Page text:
It may seem too early to start thinking about your tax return, but procrastination could cost you thousands of dollars. Here are a few simple maneuvers that could save you a bundle on your taxes — if you make them by Dec. 31.
Move money into a 401(k)
In 2018, you can funnel up to $18,500 ($24,500 if you’re 50 or older) of your pay into a traditional 401(k) and avoid paying taxes on that money until you withdraw the funds. If your employer offers a match on contributions, you’ll get free money to boot. If you don’t have access to a 401(k), you may be able to shield up to $5,500 from taxes ($6,500 if you’re 50 or older) by putting the money into a traditional IRA.
Bunch your charitable donations
With a higher standard deduction this year, donating one big amount instead of a series of small amounts could change the tax game, says Kerry Garner, a CPA in Franklin, Tenn. A married couple might not score a tax break from a $15,000 annual donation, for example, but bunching the donations into a $30,000 gift every other year could, he notes.
Sell the losers
If you made money on the sale of investments in 2018, you might have some capital gains tax to pay in April. But you might be able to offset some of those gains with losses. If your losses exceed your gains, you may be able to deduct the difference on your tax return, up to $3,000 per year ($1,500 for those married filing separately).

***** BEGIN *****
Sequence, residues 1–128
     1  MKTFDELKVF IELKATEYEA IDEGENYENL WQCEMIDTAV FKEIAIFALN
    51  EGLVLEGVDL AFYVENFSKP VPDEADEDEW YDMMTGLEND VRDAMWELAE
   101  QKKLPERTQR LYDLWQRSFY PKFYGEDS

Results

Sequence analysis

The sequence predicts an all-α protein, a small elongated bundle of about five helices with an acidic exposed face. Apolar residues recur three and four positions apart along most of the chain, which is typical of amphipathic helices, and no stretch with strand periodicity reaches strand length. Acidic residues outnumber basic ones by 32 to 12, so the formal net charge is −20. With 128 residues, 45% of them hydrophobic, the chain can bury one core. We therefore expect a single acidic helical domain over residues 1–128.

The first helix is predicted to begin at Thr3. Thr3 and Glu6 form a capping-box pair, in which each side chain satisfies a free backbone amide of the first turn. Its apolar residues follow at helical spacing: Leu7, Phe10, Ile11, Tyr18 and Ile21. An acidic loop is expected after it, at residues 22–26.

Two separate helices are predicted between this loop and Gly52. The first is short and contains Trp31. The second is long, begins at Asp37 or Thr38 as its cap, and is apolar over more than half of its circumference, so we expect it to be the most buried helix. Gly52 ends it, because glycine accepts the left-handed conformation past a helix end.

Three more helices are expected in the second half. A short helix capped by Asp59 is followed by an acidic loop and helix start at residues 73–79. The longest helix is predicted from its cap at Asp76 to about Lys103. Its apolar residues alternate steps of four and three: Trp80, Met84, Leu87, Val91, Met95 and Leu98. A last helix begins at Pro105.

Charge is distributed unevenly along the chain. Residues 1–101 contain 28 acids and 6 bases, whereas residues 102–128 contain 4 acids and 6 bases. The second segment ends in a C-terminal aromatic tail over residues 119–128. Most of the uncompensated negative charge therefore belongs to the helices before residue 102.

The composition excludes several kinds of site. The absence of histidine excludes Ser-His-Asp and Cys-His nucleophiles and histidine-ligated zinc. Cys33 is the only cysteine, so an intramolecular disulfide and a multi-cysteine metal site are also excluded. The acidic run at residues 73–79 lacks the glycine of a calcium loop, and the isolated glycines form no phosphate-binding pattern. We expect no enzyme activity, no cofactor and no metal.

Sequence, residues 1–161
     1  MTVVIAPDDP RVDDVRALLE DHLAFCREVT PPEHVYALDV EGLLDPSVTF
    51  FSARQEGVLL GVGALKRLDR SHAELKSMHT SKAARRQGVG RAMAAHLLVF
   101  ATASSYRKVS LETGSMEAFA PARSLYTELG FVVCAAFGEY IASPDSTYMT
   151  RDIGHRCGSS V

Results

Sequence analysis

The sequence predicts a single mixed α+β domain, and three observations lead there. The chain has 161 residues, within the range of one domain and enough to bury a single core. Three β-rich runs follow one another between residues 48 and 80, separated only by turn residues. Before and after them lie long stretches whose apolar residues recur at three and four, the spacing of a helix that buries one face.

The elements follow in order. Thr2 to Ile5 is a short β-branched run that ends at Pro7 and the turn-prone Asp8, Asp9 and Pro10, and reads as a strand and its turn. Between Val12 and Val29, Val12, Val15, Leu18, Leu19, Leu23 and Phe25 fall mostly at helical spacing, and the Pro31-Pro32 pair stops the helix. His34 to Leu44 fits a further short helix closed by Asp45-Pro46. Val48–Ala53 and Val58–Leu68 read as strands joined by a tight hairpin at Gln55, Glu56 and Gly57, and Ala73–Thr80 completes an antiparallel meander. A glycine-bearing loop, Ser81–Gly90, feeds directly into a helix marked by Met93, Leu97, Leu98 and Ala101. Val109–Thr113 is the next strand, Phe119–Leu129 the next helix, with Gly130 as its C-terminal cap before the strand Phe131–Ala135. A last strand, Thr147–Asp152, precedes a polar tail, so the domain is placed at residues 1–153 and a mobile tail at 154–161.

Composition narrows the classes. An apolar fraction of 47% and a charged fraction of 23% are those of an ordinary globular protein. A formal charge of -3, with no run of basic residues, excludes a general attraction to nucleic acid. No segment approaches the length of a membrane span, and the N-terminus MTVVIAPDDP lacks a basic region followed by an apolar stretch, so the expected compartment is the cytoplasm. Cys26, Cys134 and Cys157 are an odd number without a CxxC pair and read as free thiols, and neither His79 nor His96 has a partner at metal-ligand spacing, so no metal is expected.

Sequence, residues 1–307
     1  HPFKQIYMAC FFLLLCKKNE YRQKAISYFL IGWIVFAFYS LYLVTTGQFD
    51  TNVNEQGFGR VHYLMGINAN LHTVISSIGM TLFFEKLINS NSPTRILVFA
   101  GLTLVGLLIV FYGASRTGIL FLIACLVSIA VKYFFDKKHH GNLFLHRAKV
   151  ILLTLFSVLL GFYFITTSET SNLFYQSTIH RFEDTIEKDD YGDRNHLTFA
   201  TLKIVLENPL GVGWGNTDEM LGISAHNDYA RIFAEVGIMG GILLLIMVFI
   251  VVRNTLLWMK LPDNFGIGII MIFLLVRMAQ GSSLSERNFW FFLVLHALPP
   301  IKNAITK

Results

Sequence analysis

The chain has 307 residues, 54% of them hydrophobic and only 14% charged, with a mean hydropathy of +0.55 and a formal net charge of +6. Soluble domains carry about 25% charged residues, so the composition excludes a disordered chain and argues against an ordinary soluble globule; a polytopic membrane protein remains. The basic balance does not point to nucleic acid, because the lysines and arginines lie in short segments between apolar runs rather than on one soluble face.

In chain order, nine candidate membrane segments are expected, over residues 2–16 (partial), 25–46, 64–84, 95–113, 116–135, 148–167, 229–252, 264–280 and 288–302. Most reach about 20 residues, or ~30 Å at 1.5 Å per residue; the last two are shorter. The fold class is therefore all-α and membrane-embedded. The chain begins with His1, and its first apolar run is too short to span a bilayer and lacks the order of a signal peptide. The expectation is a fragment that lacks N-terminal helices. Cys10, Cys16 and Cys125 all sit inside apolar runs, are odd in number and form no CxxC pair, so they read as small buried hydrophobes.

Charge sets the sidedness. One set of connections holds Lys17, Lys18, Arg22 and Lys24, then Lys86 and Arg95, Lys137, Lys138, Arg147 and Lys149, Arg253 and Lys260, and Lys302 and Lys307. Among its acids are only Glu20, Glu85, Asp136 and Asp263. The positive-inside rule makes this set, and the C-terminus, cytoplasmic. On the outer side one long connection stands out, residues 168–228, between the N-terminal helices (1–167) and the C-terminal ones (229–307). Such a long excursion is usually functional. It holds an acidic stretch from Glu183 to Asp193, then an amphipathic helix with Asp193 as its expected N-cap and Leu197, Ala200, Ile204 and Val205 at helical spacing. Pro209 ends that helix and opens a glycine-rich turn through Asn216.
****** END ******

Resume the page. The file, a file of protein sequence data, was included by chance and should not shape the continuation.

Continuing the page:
Make a decision on that divorce
If you’re still negotiating with your soon-to-be ex and expect to pay or receive alimony, keep an eye on the calendar. In general, for divorces finalized after Dec. 31, alimony payers will no longer be able to deduct their payments, and recipients will no longer have to include that money as taxable income.
Meet your tax preparer
The sooner your tax preparer has an idea of how your year is shaping up, the sooner he or she can find you more ways to save. That’s especially true for people who are self-employed or have unusual sources of income, Garner notes. “I try to do it the first week of December, so it still leaves them plenty of time to actually get things done,” he says.